As for Ramon - well I don't normally respond to such sneers but - well, how does it feel to be on that hook Ramon? They've certainly got you, haven't they! So every time you buy a new camera, you fully expect a) to be moved for no reason whatsoever, other than they can do it to you, to a new and different and incompatible raw file format, and b) have to allow for the expense of being forced to upgrade your PS software or else stop using it and throw away your investment in it. Hope it feels good. Me? I don't see anything unreasonable in my expectation - but then I haven't fallen for an apparent Adobe (and Canon) con trick - until now ;-) - and I won't again (unlike some, it seems).
Funnily enough I (and probably you too, Ramon) have bought many new bits of hardware (called PCs) over the years and have run many different operating systems and all of them, even my Win 3.1 and Win98 ones (and I can still run Win98 on my latest PC, by the way) still run apps that can open and generate files (e.g. .doc) that I can use on all of these PCs. That may not be the best analogy - but yes I did acquire a camera that was not available when CS was - but who'd have expected Canon to have different raw formats for 300D, 350D and 400D? Shame on me for not doing my research. And seeing as CS, CS2 and CS3 are not completely DIFFERENT applications but evolutionary, who'd have thought they'd make an ARC for CS3 that was deliberately not compatible with CS, just to extort an upgrade fee from me. Oh - sorry - you'd have thought it, Ramon, that's who.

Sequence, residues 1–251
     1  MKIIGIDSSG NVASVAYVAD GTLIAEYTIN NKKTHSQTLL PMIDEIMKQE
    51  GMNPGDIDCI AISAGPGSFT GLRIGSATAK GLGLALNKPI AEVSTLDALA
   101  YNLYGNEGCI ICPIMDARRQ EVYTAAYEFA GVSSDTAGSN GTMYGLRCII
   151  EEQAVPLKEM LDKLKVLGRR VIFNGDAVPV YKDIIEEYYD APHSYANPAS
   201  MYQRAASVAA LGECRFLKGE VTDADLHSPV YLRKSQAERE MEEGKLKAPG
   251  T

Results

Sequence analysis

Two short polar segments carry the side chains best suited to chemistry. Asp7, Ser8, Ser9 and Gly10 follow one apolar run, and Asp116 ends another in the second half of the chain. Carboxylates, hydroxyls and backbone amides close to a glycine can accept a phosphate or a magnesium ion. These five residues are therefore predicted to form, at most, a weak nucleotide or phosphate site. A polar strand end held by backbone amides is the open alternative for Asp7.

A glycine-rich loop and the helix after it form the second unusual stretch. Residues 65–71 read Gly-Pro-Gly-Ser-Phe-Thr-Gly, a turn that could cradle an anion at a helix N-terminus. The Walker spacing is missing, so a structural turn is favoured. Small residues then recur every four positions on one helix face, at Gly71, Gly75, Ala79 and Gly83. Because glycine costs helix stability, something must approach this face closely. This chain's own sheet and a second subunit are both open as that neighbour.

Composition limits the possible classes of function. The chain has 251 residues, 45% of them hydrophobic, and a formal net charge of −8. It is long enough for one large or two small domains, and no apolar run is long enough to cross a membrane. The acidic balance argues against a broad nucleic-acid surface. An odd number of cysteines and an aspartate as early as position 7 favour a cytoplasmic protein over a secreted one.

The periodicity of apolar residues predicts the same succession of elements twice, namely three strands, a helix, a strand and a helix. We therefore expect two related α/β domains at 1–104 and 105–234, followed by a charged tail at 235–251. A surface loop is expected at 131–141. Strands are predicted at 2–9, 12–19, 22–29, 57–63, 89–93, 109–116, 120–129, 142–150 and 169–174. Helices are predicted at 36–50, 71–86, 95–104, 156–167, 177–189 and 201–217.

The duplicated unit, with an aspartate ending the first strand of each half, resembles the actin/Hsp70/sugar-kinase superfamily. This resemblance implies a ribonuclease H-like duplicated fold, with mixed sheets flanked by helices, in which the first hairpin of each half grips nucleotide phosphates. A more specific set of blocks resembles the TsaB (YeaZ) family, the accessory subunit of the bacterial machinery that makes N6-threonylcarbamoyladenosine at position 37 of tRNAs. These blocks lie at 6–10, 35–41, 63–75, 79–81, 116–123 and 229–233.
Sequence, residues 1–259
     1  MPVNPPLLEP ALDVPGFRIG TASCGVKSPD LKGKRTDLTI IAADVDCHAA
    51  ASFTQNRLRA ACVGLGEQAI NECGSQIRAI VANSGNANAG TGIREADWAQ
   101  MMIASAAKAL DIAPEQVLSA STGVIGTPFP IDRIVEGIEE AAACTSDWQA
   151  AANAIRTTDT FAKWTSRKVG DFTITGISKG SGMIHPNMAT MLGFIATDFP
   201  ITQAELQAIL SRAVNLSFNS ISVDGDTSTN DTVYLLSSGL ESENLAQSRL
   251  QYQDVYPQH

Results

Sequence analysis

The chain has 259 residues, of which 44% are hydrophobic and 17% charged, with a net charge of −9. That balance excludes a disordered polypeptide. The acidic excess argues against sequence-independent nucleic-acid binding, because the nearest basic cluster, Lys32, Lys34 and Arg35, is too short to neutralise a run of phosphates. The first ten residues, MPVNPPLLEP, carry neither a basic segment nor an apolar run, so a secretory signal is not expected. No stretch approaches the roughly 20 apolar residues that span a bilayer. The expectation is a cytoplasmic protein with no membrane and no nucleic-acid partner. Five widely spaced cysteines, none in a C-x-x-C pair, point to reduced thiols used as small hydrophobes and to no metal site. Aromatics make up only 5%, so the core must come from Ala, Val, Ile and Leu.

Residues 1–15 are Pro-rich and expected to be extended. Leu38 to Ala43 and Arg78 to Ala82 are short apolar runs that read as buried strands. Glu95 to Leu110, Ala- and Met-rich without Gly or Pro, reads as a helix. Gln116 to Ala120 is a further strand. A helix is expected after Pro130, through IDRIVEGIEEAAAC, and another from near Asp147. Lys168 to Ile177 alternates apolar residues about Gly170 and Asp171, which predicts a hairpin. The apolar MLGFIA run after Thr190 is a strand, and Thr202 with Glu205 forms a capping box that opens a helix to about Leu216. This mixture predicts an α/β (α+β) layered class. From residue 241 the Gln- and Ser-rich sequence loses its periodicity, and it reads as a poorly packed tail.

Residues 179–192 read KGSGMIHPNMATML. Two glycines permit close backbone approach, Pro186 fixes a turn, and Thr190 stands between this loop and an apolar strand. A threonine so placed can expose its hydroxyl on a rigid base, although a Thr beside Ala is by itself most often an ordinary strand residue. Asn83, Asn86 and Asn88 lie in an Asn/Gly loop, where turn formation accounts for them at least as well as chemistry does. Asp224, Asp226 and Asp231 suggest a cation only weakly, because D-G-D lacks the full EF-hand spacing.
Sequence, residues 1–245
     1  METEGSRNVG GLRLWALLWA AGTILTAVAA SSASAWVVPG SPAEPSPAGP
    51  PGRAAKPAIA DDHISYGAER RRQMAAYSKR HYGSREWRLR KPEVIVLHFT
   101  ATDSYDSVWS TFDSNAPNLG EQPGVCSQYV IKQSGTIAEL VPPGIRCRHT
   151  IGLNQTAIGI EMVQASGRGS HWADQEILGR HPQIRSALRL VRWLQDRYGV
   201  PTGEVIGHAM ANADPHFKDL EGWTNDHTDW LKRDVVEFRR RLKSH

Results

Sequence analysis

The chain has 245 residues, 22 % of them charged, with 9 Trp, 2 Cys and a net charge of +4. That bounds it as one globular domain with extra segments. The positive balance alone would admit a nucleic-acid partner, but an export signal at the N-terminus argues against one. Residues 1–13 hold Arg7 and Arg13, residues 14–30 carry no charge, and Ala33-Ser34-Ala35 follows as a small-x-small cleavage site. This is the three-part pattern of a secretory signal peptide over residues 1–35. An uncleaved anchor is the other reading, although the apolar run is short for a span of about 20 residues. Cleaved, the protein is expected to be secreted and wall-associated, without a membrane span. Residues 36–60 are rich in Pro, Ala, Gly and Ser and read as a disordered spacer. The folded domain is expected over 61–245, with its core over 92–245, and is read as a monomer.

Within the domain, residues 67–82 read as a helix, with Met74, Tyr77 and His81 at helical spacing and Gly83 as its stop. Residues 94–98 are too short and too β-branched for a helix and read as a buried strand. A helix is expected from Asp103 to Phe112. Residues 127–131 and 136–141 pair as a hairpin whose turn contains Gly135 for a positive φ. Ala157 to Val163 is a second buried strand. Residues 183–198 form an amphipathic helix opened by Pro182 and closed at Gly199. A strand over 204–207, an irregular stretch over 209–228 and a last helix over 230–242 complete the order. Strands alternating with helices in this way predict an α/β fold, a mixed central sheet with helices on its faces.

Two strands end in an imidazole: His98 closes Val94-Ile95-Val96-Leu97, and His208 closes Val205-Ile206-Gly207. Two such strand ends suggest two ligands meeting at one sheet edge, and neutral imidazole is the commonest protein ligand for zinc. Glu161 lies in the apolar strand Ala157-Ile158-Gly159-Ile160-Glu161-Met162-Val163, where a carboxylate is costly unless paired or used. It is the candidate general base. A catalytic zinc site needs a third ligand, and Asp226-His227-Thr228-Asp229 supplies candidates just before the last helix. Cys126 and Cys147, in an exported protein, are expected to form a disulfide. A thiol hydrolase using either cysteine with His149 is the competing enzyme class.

One does wonder how it is that buying a new camera effectively has an "Adobe tax" tied to it, and who benefits from the tax. (If Canon had any sense they'd stop their end of this so there was no opportunity for Adobe to levy the tax - but where is the 'tax revenue' spent, I wonder?)
Perhaps my expectations are unjustified, and someone can/will produce excellent and justified technical reasons why the Canon raw formats changed and why CS3 is so utterly different from primitive old CS that there are good reasons why backward compatibility would ruin the company (after all I said I'd pay a few bucks for it when I needed an ARC update). But Adobe aren't showing any signs of explaining this, and nor is anyone else - so until then I'll continue to treat them with the contempt they appear to treat their "customers" with. I made an investment in CS and they have not just utterly failed to respect that and seek to protect my investment, they have gone out of their way to render that investment worth less. I'll be using the native Canon tools and other photo apps from now on, rather more than PS, even given the DNG route.
Well that's 5 minutes more of getting it off my chest. :-)
I have the information I sought - thanks, Jim and others - so if I don't come back I'm sure you'll forgive me if I leave you all to it.
(Probably best to just let it all lie, now, eh?)
G A L,